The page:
Mon Jan 26 03:48pm EST
NHL Commissioner Gary Bettman had a marathon session with the media during all-star weekend, discussing topics like the future of fighting in the NHL (it's staying, if perhaps modified), League revenue (there's still "real growth") and rumors that the Nashville Predators' ownership will purchase tickets to cover an attendance shortfall in their lease (Bettman: "I sometimes marvel at where some of these reports come from.").
Much of it was straight from the usual stump speech, but Bettman made (and has since repeated) one proclamation that was rather startling, about the NHL in the economic recession:
"The first indications for us as to what next year will look like, and if you're looking for indications as well, keep an eye on playoff ticket sales. That will be the first indication as to what we can expect going into the future and the impact of what the economy is having now."
Playoff ticket sales as a barometer of economic stability going into 2009-2010? Color me cynical, but isn't that a colossal straw man ready to be knocked down when the numbers show fans are still willing to spend money to see the games that matter most? The NHL could safely start penning the "all is well, remain calm" postseason ticket sales press release today.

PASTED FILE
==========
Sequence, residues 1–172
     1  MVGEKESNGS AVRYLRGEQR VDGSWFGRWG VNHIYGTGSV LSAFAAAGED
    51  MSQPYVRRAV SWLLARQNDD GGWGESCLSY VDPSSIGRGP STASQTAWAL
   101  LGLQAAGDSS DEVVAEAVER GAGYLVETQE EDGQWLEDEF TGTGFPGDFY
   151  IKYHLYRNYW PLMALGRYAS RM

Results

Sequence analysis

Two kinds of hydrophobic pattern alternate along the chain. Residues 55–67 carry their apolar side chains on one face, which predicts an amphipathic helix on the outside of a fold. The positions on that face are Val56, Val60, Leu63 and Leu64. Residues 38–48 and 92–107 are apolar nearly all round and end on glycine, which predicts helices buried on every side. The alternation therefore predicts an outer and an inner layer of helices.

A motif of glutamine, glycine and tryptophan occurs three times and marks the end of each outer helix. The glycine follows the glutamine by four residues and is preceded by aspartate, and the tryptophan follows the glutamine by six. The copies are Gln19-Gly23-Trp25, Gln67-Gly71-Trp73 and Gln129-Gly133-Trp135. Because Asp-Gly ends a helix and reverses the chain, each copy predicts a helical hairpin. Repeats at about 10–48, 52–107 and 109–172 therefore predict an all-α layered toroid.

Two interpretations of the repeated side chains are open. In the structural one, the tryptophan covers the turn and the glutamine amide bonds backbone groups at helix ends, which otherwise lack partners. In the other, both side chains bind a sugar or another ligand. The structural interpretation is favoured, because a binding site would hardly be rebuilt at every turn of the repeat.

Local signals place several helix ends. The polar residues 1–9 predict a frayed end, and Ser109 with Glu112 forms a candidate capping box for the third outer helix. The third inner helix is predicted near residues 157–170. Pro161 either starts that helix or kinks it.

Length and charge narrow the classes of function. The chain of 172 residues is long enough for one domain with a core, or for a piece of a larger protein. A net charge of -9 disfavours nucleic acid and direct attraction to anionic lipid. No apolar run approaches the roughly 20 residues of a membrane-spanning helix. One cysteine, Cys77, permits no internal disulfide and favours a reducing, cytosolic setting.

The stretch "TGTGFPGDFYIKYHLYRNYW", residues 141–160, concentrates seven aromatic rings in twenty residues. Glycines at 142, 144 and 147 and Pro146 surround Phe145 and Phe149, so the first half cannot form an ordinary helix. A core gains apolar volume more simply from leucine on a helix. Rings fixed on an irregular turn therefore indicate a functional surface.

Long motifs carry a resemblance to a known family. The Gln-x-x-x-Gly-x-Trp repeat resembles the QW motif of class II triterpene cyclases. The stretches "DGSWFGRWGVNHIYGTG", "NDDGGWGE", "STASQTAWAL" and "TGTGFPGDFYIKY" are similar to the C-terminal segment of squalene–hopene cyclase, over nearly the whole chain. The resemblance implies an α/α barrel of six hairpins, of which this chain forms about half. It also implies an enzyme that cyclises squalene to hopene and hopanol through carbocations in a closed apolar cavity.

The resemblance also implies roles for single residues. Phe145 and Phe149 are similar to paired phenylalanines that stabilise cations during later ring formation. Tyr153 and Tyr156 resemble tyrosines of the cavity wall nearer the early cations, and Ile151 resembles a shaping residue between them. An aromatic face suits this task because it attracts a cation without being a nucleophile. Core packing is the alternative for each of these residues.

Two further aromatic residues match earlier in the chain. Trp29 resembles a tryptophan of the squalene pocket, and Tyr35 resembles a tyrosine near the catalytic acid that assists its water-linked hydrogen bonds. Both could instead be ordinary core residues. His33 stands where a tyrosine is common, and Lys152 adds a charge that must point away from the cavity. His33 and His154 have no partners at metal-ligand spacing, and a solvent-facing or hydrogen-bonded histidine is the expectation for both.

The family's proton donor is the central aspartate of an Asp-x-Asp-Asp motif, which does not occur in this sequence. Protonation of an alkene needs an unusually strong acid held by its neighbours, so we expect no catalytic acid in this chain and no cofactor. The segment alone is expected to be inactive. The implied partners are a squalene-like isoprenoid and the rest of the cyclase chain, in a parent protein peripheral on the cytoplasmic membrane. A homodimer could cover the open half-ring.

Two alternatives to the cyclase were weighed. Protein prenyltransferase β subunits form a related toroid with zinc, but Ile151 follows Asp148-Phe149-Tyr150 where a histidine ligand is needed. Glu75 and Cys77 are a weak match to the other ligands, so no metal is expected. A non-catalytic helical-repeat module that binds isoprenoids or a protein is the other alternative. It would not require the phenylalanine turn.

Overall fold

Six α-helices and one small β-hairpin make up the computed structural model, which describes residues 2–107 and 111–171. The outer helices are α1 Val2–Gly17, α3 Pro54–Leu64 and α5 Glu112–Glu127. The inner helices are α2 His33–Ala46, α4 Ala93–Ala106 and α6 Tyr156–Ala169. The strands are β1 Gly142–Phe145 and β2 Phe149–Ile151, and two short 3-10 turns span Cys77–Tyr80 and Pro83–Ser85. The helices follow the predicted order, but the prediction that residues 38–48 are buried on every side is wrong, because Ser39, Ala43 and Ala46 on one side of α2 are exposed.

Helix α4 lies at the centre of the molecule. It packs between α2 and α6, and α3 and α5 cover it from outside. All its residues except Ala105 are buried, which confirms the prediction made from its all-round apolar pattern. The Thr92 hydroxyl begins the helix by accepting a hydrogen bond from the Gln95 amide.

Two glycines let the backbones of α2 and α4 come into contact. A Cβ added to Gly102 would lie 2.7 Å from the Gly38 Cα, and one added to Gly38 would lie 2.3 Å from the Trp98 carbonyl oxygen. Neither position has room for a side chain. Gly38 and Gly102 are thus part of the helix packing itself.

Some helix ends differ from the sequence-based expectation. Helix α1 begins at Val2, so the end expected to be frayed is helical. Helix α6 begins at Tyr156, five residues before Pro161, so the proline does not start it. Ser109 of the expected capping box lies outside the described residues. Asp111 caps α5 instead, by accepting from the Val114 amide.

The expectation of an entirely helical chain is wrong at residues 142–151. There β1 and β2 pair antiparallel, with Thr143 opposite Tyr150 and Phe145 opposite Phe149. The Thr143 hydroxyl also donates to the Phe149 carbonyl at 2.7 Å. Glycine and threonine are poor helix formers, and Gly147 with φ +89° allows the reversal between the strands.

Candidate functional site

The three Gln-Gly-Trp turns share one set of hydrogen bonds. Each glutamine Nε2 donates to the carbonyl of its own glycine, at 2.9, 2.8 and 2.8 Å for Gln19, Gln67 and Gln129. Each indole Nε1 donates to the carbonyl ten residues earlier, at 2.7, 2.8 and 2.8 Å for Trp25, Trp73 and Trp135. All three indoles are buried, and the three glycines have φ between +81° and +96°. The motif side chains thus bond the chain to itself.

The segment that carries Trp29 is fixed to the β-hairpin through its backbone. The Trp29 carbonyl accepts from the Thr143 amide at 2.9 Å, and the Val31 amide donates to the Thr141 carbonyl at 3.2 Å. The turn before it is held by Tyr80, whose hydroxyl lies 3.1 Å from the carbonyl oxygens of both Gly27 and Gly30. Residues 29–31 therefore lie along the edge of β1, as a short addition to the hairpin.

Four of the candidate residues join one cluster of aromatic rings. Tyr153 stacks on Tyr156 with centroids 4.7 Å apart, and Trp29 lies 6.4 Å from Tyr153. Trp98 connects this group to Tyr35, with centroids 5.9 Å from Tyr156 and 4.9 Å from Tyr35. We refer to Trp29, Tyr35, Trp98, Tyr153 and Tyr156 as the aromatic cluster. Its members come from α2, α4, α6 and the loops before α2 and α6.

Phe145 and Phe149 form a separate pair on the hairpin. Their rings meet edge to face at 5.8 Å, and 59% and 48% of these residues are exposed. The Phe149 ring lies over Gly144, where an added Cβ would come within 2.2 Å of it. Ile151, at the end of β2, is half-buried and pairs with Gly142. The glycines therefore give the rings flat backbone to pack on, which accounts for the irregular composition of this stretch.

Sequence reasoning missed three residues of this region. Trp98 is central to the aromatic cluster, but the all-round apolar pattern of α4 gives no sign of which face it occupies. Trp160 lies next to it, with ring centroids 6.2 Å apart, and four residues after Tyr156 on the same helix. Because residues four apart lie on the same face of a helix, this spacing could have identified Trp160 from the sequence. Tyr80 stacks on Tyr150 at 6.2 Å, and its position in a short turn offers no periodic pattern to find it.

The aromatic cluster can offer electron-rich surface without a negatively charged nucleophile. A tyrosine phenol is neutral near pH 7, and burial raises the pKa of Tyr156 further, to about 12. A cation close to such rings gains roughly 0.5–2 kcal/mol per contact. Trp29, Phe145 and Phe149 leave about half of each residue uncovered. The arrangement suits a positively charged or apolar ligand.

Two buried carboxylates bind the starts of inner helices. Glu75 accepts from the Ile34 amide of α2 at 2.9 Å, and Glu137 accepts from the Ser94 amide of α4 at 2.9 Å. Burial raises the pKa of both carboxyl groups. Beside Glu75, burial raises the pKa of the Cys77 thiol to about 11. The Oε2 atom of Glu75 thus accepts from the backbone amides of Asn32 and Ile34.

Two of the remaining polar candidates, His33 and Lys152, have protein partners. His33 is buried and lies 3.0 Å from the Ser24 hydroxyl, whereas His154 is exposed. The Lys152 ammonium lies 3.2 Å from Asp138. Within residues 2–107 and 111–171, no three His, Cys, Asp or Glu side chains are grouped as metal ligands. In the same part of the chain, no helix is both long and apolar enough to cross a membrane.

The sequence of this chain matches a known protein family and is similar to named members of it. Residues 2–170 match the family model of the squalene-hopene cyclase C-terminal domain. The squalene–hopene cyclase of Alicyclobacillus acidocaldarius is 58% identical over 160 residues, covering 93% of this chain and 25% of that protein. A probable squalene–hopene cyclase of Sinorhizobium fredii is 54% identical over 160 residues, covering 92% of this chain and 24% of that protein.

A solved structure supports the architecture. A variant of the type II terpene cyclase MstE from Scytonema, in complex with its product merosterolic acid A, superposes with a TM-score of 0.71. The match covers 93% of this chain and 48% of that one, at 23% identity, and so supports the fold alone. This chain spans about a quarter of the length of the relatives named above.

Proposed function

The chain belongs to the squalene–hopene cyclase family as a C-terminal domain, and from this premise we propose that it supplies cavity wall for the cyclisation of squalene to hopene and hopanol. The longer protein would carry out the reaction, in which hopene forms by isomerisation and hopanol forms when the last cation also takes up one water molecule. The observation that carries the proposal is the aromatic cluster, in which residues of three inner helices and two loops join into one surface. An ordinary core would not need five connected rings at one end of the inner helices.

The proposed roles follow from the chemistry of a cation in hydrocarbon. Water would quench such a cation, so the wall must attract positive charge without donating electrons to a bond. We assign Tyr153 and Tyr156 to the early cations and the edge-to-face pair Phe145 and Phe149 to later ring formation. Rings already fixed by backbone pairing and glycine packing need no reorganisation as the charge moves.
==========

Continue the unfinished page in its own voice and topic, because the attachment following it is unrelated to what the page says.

Take a look at the current standings, and tell me where the indicators of recessionary trouble are going to be found. The New Jersey Devils and Carolina Hurricanes are notorious for slow first-round ticket sales; every other team in the Eastern Conference, save for perhaps the Buffalo Sabres, will sell out.
In the Western Conference, the Detroit Red Wings will likely face the same challenges they've had in recent years with postseason attendance. But that might be it; hell, if Arizona sports fans have shown us anything in the last year, it's a bandwagon mentality in the playoffs.
Maybe Bettman's right, and we'll end up seeing teams struggle to find 18,000 fans to pay playoff prices ... though I think in most cities, there are plenty of fence-sitters that simply wait for the playoffs to take the financial plunge.
But isn't the real issue that after the Florida Panthers' have a drivers license/get a ticket program; the Phoenix Coyotes' all-you-can-eat nights; the St. Louis Blues giving away mortgage payments; the Buffalo Sabres disrupting their variable pricing program; and the New York Islanders offering fans free tickets to another game if the team wins on certain nights ... that after all of that, Bettman's waiting for the playoffs for indications that the economy's taking its toll?